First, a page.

Taking the Long View<p>In Washington State, tribes and <a href="https://www.ecowatch.com/tag/conservation">conservation</a> groups have ample experience in advocating for dam removal — and maintaining the patience to see their efforts through. Once the decision was made <a href="https://www.nps.gov/olym/learn/nature/elwha-ecosystem-restoration.htm" target="_blank">to </a><a href="https://www.nps.gov/olym/learn/nature/elwha-ecosystem-restoration.htm" target="_blank">remove</a><a href="https://www.nps.gov/olym/learn/nature/elwha-ecosystem-restoration.htm" target="_blank"> the Elwha Dam and Glines Canyon Dam</a>, it took two decades before the final section of the dams were removed in 2014, but the impacts to the river ecosystem were immediate. <a href="https://journals.plos.org/plosone/article?id=10.1371/journal.pone.0187742" target="_blank">Research</a> showed that habitats were restored; salmon, steelhead, and trout repopulated the river; and new species moved in.</p><p>Mace believes that sharing those success stories might lead more opponents of dam removal to reconsider their positions. "I have been trying to extend a hand and have conversations with some of the folks that have been traditionally opposed [to breaching the dams], to the communities who use the benefits of the dams, to see if we could come to some kind of understanding at least and see whether there would be a willingness to figure out some solutions," she says. "We are seeing people take more of a long view. They're realizing that the salmon crisis won't go away unless we take some bold actions."</p><p><span></span>In the meantime, Good Stefani takes heart in the dialogues being had at forums like the Boise conference. "When we talk face-to-face, we confront the uncomfortable fact that finding a solution is complicated and there is no villain here," she says. "We have to stop fighting about who has more to lose and start asking what everybody needs. We all want our kids to be able to float and fish these rivers, to know that increasingly rare kind of abundance."</p>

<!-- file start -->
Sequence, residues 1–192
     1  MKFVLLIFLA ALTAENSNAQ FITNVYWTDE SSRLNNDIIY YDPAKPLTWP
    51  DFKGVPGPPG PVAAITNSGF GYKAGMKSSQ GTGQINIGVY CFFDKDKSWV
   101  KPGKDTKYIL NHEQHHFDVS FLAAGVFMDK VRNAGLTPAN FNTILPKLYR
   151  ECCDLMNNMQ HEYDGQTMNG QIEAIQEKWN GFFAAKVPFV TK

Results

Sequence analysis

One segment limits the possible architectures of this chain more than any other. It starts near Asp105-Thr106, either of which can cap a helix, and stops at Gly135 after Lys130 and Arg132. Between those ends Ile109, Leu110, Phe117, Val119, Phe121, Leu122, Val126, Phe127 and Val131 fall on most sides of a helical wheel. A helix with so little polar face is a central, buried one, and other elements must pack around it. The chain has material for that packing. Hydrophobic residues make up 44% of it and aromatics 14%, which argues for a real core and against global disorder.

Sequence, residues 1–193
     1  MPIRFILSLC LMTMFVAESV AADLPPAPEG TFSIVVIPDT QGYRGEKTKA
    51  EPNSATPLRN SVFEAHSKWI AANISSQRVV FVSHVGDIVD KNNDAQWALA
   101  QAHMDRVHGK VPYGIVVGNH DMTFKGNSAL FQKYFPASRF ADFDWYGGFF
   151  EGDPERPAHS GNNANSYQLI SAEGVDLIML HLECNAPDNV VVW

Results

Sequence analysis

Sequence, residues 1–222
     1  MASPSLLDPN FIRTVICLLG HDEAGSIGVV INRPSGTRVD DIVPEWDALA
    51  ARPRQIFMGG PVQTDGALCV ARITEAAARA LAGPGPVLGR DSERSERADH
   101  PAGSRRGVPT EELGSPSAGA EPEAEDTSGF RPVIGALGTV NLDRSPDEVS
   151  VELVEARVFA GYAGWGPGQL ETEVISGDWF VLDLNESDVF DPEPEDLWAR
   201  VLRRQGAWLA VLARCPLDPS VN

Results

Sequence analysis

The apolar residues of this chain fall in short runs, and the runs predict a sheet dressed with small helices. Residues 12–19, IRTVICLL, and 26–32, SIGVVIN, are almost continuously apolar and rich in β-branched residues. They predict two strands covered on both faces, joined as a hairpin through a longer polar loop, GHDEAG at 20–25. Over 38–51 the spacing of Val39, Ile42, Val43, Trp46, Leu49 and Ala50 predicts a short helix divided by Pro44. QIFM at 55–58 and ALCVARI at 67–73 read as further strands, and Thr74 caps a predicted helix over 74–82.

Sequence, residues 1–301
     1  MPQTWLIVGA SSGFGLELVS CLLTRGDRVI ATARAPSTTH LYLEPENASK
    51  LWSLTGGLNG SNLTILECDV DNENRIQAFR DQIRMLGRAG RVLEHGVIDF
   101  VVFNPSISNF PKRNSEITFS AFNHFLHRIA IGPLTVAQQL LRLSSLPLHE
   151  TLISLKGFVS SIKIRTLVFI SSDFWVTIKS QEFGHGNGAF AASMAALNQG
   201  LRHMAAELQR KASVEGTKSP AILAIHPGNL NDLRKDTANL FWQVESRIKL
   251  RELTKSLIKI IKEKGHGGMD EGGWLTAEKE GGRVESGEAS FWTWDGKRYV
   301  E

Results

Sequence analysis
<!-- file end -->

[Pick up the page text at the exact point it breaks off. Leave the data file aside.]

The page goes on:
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By Rob Moore
As the planet heated up to record-breaking levels, the seas continued to rise and wildfires, storms, floods or other manifestations of climate change made headlines every single day, the stream of climate change literature turned into a deluge.